Album of the Week, March 27: Robert’s Desert Island Discs

RBHSJDIDBadgeToday’s entry is something a little different. As I was looking over the almost 200 albums I have featured over the years, I asked myself the question that drives the famous BBC Radio 4 show Desert Island Discs: If I were stranded on an island, which discs would I be sure to have with me?

The task proved more daunting than I imagined, so I established a few guidelines and started over. These parameters made the selection a little bit easier.

  1. Original, legitimate releases only: no bootlegs, re-issues with bonus tracks, or any other chicanery to pad the offerings.
  2. Enjoy every track: If this is all I ever get to listen to, it had better be great. A perfect test case is Rubber Soul: it’s an unquestionably brilliant album, but if I had to listen to Michelle or Girl more than once a month, I’d throw myself into the shark-infested waters.
  3. Balance, balance, balance: I tried to embrace the breadth of my tastes and represent a good cross-section of the artists I love.
  4. When in doubt, favorite artists win: My collection includes several acts represented by one great album. In order to represent the artists whose whole catalogs I appreciate, I dropped the one-only artists. That included the hard decisions to eliminate Goodbye Yellow Brick Road, London Calling, Rumours, Blood On the Tracks, and I Am A Bird Now.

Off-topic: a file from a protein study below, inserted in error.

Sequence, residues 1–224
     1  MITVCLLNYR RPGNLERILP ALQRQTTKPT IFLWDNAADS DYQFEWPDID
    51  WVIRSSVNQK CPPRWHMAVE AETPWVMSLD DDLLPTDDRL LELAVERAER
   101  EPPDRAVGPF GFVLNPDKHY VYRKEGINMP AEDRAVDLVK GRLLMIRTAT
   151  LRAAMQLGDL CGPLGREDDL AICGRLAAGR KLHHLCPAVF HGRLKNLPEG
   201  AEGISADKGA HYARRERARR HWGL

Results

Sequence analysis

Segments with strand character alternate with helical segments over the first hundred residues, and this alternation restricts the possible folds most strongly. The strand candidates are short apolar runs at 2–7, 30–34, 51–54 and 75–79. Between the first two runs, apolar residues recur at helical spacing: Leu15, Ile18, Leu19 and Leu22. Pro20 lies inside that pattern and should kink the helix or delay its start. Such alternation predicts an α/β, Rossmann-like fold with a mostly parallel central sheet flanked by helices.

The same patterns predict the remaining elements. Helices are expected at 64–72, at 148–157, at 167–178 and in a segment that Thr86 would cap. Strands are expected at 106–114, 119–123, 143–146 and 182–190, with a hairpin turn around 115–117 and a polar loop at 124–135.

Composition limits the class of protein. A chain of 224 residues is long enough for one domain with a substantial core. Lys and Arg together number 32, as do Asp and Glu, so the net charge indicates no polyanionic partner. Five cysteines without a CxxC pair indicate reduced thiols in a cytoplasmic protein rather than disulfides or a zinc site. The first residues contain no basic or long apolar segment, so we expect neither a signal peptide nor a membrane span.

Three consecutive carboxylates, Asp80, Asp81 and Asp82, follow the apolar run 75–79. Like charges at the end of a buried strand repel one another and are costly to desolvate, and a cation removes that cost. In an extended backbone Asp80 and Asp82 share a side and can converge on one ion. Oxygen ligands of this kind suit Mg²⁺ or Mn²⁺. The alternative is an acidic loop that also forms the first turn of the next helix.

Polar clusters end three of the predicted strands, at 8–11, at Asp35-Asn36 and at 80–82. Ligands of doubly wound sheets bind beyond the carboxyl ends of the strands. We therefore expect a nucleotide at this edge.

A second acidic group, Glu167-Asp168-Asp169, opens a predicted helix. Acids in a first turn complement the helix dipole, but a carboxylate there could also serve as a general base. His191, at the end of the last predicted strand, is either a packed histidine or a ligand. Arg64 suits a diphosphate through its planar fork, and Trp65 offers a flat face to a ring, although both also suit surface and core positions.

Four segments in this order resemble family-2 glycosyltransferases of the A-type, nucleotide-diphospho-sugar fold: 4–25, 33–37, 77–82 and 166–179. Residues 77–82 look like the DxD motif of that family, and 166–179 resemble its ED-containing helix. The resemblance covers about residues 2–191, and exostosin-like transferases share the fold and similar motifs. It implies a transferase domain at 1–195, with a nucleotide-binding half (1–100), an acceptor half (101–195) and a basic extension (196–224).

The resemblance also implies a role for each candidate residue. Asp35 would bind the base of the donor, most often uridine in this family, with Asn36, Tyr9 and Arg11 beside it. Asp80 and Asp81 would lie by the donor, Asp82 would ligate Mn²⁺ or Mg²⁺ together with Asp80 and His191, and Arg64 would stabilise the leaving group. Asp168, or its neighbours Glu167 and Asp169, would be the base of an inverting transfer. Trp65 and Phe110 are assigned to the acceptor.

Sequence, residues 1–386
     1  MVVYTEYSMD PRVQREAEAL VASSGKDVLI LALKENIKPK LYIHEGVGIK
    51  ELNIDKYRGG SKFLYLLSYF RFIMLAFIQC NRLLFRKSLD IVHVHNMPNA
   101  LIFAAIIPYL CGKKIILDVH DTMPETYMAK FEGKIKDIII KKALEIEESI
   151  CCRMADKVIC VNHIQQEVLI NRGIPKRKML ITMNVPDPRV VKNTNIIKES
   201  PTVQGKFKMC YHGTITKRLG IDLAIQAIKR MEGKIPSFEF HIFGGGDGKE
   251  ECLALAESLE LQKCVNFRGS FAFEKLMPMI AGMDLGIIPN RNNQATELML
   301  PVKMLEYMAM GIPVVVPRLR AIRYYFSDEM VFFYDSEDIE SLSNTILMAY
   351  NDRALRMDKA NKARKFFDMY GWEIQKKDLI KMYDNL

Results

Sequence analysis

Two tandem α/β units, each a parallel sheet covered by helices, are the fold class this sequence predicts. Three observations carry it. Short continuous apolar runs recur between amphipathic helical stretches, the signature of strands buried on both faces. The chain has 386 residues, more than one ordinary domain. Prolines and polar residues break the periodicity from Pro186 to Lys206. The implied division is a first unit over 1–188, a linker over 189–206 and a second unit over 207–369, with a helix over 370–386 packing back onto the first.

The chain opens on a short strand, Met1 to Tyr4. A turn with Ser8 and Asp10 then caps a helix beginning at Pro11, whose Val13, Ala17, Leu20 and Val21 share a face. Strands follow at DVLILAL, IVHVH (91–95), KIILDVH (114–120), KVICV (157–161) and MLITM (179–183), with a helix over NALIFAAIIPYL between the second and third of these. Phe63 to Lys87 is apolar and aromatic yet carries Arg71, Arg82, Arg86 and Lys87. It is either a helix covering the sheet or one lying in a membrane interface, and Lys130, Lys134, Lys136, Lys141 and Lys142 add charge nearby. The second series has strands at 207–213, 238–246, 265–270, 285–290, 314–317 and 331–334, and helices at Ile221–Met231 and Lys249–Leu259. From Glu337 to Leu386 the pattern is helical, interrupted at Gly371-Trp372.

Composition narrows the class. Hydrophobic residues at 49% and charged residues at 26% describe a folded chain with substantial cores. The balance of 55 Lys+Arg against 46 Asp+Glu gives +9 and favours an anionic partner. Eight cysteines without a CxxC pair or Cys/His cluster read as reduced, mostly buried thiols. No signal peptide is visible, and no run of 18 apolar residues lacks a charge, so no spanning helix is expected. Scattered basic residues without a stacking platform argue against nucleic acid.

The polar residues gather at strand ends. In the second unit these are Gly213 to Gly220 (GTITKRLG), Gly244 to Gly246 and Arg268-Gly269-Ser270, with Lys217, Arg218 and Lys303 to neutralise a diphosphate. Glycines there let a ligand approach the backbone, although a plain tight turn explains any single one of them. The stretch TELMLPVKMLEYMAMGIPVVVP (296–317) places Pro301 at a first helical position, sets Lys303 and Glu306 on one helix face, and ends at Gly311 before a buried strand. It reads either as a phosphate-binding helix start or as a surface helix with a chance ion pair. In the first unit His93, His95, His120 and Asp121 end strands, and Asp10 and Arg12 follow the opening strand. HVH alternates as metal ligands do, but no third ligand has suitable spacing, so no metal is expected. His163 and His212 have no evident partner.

5. Greatest hits: I pondered banning these as a corallary to rule 1, but decided to take them on their own merits. As it turns out, I didn’t wind up with any of these on the list, although I looked closely at a couple. In the end, rule 2 trumped them.

I set my album allowance at 13. Why that number? I could say that it represents the bad luck of being stranded on a desert island, but honestly trying to get to eight — the BBC number — was maddening. My list, my rules, so if this Gilligan-adjacent experience includes a weatherproof sound system, it has room for 13 discs.

Without further ado, here they are, in the order in which I finalized their placement on the list.

Richard & Linda ThompsonShoot out the LightsHIGH RESOLUTION COVER ARTShoot Out the Lights (1982, Hannibal) Richard & Linda Thompson
Surprising no-one, I’m sure, this was my first choice — brilliant lyrics, stellar playing, solid band, two of my favorite artists on one disc. Harrowing but hopeful, it captures the human spirit better than anything else for me. Linda delivers some of her best vocals and Richard some of his finest solos. If I had to pick 25 songs to take to the island (please, no!), at least four of them would be from this album.

DifferentKindofLoveSongA Different Kind of Love Song (1983, Appleseed) Dick Gaughan
Another easy choice for me, with some of the best protest music ever written. Gaughan is in fine voice and his guitar work is impeccable. It’s a collection of often dark songs with a shining heart beating at its core. The title track sums things up brilliantly, and inspired me to write an essay for Michael’s blog on the importance of looking at the darkness if we want to get to the light.

AbyssiniansAbyssinians (1983, Topic) June Tabor